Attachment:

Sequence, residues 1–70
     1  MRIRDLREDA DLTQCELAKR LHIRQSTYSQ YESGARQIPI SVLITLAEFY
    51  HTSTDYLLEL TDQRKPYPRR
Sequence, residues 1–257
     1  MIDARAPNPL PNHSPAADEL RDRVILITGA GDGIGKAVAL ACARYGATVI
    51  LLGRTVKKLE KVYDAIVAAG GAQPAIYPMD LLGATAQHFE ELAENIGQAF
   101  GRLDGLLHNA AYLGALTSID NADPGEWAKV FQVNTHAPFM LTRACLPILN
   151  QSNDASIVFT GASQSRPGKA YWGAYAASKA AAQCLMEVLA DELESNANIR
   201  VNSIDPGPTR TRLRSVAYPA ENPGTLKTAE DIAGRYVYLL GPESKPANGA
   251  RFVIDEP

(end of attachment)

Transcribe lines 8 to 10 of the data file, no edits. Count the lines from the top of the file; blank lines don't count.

   151  QSNDASIVFT GASQSRPGKA YWGAYAASKA AAQCLMEVLA DELESNANIR
   201  VNSIDPGPTR TRLRSVAYPA ENPGTLKTAE DIAGRYVYLL GPESKPANGA
   251  RFVIDEP